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Brain candy for Happy Mutants

Last Build Date: Wed, 26 Oct 2016 17:50:41 +0000


Scientists find first of its kind two-headed shark

Wed, 26 Oct 2016 17:24:11 +0000


University of Malaga scientists were studying the cardiovascular systems of Atlantic sawmill catsharks (catshark (Galeus atlanticus) when they found one with two heads. This is the first time that dicephaly (two-headedness) has been seen in an egg-laying shark. From National Geographic:

The causes of dicephaly aren't known, but the researchers—led by Valentín Sans-Coma of the University of Malaga—suspect that genetics are the most likely culprit (rather than some environmental factor, à la Blinky, the three-eyed fish, from The Simpsons)...

"We see two-headed sharks occasionally," says George Burgess, director of the Florida program for shark research at the Florida Museum of Natural History. "It's an anomaly, caused by a genetic misfire. There are lots of different kinds of genetic misfires, and most don't make it out of the womb."

"There’s a reason you don’t see a lot of sharks with two heads swimming around: they stand out like a sore thumb, so they get eaten," adds Burgess. "They would have trouble swimming and probably digesting food."

Philip Roth donating his personal book collection to Newark Public Library

Wed, 26 Oct 2016 17:10:18 +0000


The Newark Public Library is the scene of Philip Roth's novella Goodbye, Columbus. Now, Roth is donating his personal book collection to that same library. From the New York Times:

Mr. Roth’s library, some 4,000 volumes, is now stored mostly at his house in northwest Connecticut, where it has more or less taken over the premises. A room at the back of the house has been given over to nonfiction. It has library shelves, library lighting — everything except a librarian, Mr. Roth said recently on the phone from his New York apartment. Fiction starts in the living room, takes up all the walls in a front study, and has also colonized a guest bedroom upstairs. Copies of Mr. Roth’s own books and their many translations are stuffed in closets and piled in the attic. The books that were helpful to Mr. Roth in his research for his novel “The Plot Against America” are all grouped together, as are those he consulted for “Operation Shylock...."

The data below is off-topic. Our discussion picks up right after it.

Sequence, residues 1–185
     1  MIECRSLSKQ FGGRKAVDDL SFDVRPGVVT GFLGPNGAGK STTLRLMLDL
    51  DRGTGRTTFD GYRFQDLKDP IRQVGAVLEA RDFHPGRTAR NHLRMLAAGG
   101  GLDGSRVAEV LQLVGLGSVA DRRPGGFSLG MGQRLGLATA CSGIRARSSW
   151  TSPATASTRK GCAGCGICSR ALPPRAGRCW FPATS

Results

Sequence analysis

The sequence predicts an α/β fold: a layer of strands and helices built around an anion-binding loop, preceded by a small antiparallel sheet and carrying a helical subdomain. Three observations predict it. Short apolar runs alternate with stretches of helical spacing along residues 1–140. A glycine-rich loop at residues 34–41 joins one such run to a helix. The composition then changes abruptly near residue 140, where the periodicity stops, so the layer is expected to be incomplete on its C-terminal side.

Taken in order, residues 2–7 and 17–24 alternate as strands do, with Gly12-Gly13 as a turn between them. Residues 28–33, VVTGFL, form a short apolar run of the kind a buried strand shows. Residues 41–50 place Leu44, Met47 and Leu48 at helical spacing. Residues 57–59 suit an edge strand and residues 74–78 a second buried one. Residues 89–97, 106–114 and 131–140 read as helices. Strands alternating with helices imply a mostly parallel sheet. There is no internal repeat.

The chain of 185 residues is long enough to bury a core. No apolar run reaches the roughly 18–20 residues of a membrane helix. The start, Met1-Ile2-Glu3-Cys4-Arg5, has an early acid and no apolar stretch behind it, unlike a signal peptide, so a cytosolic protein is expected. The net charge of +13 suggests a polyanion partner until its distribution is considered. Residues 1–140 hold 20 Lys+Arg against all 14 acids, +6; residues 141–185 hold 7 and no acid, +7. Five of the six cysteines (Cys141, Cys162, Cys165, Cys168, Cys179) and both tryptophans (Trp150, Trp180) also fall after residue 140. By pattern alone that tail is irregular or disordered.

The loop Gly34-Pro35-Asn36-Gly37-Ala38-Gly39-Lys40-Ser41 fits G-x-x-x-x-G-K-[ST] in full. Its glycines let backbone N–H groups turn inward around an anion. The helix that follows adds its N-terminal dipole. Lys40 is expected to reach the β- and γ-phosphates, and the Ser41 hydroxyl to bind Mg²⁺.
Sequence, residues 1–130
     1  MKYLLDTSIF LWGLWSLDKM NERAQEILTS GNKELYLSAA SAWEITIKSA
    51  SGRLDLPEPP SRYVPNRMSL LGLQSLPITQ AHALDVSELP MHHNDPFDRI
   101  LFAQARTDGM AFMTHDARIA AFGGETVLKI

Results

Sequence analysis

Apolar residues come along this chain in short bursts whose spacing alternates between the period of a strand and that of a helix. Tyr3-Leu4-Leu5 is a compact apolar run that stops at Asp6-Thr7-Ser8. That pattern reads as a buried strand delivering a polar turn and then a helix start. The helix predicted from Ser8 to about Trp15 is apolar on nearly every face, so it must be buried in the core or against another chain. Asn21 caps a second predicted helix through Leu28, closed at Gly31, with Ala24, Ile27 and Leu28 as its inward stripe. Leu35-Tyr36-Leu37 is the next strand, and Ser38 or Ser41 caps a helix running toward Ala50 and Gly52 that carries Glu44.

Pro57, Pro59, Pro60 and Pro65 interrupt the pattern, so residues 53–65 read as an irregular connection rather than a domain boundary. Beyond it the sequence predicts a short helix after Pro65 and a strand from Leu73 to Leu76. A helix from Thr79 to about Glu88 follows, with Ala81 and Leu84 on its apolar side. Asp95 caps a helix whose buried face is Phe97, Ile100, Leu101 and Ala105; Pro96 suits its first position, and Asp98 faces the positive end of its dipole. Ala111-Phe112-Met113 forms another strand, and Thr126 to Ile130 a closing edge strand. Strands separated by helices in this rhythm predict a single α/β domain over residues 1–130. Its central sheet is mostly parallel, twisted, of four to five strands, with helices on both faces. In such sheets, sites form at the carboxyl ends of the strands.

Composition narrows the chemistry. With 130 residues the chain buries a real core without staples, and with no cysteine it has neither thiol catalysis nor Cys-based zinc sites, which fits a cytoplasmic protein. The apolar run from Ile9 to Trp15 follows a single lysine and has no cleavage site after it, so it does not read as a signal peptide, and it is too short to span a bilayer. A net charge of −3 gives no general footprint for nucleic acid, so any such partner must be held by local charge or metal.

The books will be shelved in Newark exactly as they are in Connecticut — not a window into Mr. Roth’s mind exactly, but physical evidence of the eclectic writers who helped shape it: Salinger, Bellow, Malamud, Kafka, Bruno Schulz. Many of the volumes are heavily underlined and annotated...

“I’m 83, and I don’t have any heirs,” Mr. Roth said, explaining why he decided to give the library away. “If I had children it might be a different story. It’s not a huge library, but it’s special to me, and I wanted it preserved as it was, if only for historical interest: What was an American writer reading in the second half of the 20th century.”

"A Scene Right Out of Philip Roth: His Books Come Home to Newark’s Library" (New York Times)

This highly rated and affordable smartwatch also looks kind of like a real watch

Wed, 26 Oct 2016 16:54:08 +0000


I've never really felt the need to purchase a smartwatch because a lot of them aren't very functional, but at just shy of $30, the Martian Notifier Smartwatch was worth checking out. For that low of a price, it actually does feature an impressive amount of functionality, and comes in handy when you don't want to be carrying around your phone.

When checking the watch out, two things really stood out to me. First there's a little tab on the menu that lets you find your phone when you’ve misplaced it just by tapping a button. It can even ping you when you forget your phone. Second is that you can snap pictures from your phone remotely which is pretty handy if you're shy about asking someone else to take a picture of you.

The Martian Notifier also has four out of five stars on Amazon (out of over 740 total reviews).

So I suggest checking out this watch even if you've never thought yourself the smartwatch type. It's currently 76% off retail, at just $29.99 for the white, red, or black color options.

Also explore the Best-Sellers on our network right now:

Marvelous 360 degree ring of Pringles

Wed, 26 Oct 2016 16:40:43 +0000